Another important decision we made with our audience in mind was the choice of film. We researched lots of options that we felt were both entertaining films but also featured BAME characters in leading roles. It was important that the films contained positive representation and didn’t fall into the common and dangerous trap of lazily stereotyped people of colour that we came across a lot, even in recent Hollywood pictures. Among the options discussed were Belle, a period drama about a mixed-race girl; Moonlight, 2017’s Best Picture winner; and Loving, about an interracial couple’s famous battle against the law. When looking for films we were conscious of the need for it to be an entertaining, engaging film that would appeal to the general public, as well as ‘important.’ I found this aspect of film programming very interesting; the programmer has to balance what is likely to be popular with the audience as well as personal preference. This means it is not always the best idea to pick your favourite film or an obscure, vintage, foreign language documentary when planning a screening. Eventually after several rounds of tense group votes, it was either Black Panther, the popular Marvel superhero blockbuster with a mainly black cast, or Get Out.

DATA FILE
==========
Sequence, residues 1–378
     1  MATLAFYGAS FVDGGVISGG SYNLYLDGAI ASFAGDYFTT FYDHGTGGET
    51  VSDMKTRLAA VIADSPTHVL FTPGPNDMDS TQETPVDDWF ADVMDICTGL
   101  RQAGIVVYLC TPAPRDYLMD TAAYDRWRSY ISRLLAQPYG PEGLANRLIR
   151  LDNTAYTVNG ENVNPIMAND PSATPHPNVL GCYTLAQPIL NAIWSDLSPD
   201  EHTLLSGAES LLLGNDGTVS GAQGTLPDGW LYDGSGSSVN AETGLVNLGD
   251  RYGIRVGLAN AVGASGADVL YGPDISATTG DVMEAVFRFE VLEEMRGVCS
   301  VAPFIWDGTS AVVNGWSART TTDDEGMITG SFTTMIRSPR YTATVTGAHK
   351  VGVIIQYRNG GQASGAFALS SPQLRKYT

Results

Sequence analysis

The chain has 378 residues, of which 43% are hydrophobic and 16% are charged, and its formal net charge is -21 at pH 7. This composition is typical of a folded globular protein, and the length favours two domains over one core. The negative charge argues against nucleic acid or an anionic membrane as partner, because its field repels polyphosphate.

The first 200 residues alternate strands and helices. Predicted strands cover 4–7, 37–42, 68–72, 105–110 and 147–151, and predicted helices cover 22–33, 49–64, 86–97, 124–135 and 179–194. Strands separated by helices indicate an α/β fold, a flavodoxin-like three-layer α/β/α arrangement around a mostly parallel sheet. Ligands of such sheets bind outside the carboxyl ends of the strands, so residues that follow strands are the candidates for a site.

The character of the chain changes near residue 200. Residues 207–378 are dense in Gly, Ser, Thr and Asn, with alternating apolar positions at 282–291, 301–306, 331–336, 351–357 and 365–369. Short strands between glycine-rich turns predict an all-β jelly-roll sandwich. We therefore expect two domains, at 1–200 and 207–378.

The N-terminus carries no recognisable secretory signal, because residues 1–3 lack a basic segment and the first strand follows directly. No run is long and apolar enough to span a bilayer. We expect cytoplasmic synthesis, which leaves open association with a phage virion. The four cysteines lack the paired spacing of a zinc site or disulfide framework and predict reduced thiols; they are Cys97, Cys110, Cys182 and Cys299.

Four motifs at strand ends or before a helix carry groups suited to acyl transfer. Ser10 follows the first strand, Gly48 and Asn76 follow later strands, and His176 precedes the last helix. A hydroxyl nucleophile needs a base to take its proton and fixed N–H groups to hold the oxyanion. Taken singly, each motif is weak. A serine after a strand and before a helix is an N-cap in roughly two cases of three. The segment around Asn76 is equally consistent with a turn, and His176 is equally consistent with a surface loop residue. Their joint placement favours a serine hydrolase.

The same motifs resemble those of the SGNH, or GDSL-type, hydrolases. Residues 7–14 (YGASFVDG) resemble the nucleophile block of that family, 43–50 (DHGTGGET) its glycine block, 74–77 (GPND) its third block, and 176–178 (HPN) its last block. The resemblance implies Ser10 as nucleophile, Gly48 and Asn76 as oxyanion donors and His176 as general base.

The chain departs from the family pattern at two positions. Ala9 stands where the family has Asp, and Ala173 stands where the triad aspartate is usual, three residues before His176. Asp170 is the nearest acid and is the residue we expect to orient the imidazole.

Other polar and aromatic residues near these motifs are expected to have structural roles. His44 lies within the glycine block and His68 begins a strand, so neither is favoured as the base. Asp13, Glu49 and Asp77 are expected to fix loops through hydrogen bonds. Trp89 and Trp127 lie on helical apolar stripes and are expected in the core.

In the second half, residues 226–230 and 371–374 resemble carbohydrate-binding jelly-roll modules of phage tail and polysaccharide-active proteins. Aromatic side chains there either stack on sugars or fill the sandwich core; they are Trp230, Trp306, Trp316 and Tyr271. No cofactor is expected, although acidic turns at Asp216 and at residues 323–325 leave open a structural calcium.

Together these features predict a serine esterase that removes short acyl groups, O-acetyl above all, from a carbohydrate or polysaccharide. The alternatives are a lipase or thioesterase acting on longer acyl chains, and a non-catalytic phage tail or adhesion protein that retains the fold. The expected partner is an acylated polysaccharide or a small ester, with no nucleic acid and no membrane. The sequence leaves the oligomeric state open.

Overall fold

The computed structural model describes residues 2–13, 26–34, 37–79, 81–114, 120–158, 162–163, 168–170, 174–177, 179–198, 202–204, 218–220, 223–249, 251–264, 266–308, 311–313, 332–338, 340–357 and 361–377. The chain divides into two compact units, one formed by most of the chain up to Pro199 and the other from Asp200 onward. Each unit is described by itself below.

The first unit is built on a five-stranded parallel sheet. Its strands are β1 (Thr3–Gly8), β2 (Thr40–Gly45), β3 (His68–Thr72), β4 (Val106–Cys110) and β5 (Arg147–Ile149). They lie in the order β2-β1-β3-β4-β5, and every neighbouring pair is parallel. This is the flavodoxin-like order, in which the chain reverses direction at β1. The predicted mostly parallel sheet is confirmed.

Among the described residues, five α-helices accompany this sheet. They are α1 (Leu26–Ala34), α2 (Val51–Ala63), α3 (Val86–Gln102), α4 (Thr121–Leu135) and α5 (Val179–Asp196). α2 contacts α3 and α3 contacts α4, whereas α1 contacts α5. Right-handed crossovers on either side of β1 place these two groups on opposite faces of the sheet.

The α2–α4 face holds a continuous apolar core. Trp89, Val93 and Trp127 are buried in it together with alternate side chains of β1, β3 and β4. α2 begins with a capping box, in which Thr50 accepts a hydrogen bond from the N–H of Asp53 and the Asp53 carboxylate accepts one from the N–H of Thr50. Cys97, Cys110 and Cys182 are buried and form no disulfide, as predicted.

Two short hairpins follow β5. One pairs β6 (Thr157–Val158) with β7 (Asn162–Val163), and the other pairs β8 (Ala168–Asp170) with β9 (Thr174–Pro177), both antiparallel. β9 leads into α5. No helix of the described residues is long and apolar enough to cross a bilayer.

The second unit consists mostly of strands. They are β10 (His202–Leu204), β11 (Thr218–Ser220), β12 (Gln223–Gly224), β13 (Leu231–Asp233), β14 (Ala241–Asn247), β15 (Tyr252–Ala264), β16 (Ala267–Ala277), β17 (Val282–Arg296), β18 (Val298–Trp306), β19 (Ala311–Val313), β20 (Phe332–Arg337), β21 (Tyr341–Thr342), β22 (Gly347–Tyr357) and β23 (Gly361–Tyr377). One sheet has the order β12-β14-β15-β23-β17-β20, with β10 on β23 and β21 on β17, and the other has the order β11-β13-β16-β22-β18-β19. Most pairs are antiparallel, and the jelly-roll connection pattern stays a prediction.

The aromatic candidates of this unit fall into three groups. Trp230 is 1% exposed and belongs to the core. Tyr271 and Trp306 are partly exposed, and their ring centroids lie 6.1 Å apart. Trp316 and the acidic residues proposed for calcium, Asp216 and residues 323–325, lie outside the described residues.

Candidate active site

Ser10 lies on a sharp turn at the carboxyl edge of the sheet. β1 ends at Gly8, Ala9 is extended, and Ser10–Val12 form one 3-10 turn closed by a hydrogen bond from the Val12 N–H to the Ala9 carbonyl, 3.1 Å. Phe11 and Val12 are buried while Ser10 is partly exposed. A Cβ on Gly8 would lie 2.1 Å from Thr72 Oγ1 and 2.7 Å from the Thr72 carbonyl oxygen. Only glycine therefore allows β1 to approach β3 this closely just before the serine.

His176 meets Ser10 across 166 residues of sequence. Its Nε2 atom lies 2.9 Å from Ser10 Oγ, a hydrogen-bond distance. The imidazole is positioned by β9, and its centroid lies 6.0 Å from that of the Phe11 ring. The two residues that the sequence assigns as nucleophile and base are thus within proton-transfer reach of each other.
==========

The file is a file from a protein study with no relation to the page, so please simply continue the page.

Choosing the winning film was even closer and more difficult, but eventually we decided Get Outfeatured both clever social comment and exciting action, making it perfect for us. In the run up to the event we began a marketing campaign, another aspect of film programming that Monika stressed the importance of for a successful event. Other members of the team did extra research, wrote a promotional blog post for the ISM website, while I took part in writing web copy to further promote the film. I really enjoyed this because I gained experience of how to market public events from the inside, under the guidance of Education team at International Slavery Museum. As a group, we also developed ideas for a poster for our event, which were then passed on to Toucan Tango, a Liverpool print company, who turned the design ideas into a beautiful poster. It was fun to see our ideas brought to life and made into artwork that was specific to our project, with the detail featuring symbolism of slavery taken from objects in the museum’s collection.